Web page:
We are independent & ad-supported. We may earn a commission for purchases made through our links.

Advertiser Disclosure

Our website is an independent, advertising-supported platform. We provide our content free of charge to our readers, and to keep it that way, we rely on revenue generated through advertisements and affiliate partnerships. This means that when you click on certain links on our site and make a purchase, we may earn a commission. Learn more.

How We Make Money

We sustain our operations through affiliate commissions and advertising. If you click on an affiliate link and make a purchase, we may receive a commission from the merchant at no additional cost to you. We also display advertisements on our website, which help generate revenue to support our work and keep our content free for readers. Our editorial team operates independently from our advertising and affiliate partnerships to ensure that our content remains unbiased and focused on providing you with the best information and recommendations based on thorough research and honest evaluations. To remain transparent, we’ve provided a list of our current affiliate partners here.

What Is Different about an IQ Test for Kids?

By Renee Booker
Updated May 17, 2024
Our promise to you
WiseGEEK is dedicated to creating trustworthy, high-quality content that always prioritizes transparency, integrity, and inclusivity above all else. Our ensure that our content creation and review process includes rigorous fact-checking, evidence-based, and continual updates to ensure accuracy and reliability.

Our Promise to you

Founded in 2002, our company has been a trusted resource for readers seeking informative and engaging content. Our dedication to quality remains unwavering—and will never change. We follow a strict editorial policy, ensuring that our content is authored by highly qualified professionals and edited by subject matter experts. This guarantees that everything we publish is objective, accurate, and trustworthy.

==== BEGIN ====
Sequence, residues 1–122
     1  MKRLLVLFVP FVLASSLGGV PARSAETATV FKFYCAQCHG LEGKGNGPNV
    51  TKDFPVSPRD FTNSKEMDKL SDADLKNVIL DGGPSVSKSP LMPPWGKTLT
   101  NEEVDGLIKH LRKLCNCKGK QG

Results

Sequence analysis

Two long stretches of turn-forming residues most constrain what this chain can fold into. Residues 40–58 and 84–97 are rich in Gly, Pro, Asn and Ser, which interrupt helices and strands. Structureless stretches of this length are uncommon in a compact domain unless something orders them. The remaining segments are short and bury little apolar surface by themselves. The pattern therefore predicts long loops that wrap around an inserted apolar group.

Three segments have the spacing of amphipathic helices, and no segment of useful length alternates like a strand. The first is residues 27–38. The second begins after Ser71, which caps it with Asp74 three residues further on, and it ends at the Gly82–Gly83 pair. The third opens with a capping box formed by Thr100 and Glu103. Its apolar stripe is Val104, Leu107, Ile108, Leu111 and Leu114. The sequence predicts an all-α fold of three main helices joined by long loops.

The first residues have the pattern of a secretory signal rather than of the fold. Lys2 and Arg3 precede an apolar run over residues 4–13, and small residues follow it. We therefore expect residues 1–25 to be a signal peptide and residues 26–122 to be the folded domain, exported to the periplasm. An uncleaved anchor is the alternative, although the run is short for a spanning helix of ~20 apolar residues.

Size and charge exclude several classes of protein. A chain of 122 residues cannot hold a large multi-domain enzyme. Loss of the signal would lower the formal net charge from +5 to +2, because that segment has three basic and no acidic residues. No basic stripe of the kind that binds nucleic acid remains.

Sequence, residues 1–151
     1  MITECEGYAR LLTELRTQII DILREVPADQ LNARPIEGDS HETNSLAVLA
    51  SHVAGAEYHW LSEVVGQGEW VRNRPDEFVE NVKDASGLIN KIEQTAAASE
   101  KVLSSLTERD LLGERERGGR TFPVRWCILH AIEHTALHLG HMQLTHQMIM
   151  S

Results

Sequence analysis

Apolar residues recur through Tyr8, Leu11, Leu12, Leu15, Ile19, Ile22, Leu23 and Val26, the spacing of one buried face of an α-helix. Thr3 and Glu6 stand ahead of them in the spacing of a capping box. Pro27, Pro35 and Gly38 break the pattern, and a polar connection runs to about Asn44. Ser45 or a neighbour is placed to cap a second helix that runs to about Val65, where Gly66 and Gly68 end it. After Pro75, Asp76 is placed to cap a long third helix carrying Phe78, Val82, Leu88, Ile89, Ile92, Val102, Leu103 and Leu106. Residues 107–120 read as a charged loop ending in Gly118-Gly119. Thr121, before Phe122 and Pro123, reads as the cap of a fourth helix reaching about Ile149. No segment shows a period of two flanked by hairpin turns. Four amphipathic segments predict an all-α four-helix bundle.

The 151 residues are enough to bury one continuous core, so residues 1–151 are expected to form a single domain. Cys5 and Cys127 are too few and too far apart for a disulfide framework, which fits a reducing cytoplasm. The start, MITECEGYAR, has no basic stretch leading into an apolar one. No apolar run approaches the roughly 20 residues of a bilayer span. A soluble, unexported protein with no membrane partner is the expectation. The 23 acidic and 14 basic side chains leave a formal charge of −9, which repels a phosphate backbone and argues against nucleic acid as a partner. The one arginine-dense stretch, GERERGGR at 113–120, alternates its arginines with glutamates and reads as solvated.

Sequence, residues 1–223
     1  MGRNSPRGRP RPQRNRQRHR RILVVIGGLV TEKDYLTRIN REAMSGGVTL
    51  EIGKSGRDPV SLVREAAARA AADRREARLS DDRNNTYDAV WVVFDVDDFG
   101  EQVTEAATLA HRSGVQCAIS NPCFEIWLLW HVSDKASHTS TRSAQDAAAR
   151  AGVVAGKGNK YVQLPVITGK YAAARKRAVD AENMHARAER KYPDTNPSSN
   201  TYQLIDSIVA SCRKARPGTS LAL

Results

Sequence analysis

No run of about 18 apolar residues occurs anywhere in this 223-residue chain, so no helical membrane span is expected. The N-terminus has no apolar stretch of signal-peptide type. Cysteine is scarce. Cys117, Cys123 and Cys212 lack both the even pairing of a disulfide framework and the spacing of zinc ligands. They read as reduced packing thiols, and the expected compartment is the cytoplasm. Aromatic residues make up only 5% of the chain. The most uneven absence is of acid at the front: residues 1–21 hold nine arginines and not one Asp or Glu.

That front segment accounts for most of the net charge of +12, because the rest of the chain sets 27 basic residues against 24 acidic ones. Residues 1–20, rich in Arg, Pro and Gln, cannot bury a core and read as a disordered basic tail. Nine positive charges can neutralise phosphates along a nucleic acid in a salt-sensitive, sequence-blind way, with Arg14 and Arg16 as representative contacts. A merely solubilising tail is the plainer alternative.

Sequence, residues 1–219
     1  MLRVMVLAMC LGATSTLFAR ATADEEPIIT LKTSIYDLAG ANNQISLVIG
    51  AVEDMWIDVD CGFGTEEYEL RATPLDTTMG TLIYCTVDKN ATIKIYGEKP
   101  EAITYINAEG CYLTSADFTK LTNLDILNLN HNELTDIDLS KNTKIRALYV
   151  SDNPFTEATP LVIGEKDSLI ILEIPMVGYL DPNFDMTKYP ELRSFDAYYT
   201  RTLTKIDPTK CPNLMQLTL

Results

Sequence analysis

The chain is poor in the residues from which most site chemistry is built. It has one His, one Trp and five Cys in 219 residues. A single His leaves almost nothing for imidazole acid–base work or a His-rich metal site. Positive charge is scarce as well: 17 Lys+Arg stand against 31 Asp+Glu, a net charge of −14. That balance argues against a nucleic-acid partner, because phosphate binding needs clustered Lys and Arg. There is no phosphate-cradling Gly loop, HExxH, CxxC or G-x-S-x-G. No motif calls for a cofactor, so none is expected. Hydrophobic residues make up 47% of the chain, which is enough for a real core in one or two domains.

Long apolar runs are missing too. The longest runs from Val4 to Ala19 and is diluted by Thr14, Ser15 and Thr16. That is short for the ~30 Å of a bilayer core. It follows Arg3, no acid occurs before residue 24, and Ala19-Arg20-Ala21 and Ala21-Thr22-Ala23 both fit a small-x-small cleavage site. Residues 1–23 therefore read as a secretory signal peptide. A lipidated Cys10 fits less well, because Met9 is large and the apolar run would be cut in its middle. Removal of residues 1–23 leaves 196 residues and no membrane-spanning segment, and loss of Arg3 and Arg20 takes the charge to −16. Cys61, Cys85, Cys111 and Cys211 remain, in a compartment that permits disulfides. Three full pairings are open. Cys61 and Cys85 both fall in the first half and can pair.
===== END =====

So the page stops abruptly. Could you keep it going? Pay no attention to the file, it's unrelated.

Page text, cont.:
Over the years, we've refined our approach to cover a wide range of topics, providing readers with reliable and practical advice to enhance their knowledge and skills. That's why millions of readers turn to us each year. Join us in celebrating the joy of learning, guided by standards you can trust.

Editorial Standards

At WiseGEEK, we are committed to creating content that you can trust. Our editorial process is designed to ensure that every piece of content we publish is accurate, reliable, and informative.

Our team of experienced writers and editors follows a strict set of guidelines to ensure the highest quality content. We conduct thorough research, fact-check all information, and rely on credible sources to back up our claims. Our content is reviewed by subject matter experts to ensure accuracy and clarity.

We believe in transparency and maintain editorial independence from our advertisers. Our team does not receive direct compensation from advertisers, allowing us to create unbiased content that prioritizes your interests.

A person's genetic intelligence abilities can be diagnosed using an intelligence quotient (IQ) test. IQ tests have also been developed for use with children as young as three years old. While a person's IQ is not believed to change substantially from childhood through adulthood, the tests used to determine an IQ are different depending on the age of the subject. An IQ test for kids, for example, is designed to measure what a normal child at that age would be capable of understanding.

Although there are a number of tests that claim to measure intelligence in children, the Wechsler Intelligence Scale for Children and the Kaufman Assessment Battery for Children are well-respected tests. As a rule, an IQ test for kids focuses on age-appropriate activities, such as matching a picture to one previously viewed, creating a shape out of smaller shapes, or completing a story. Each of the well-known IQ tests for children has between 15 and 18 subsets that are tested on each child to determine an overall IQ score.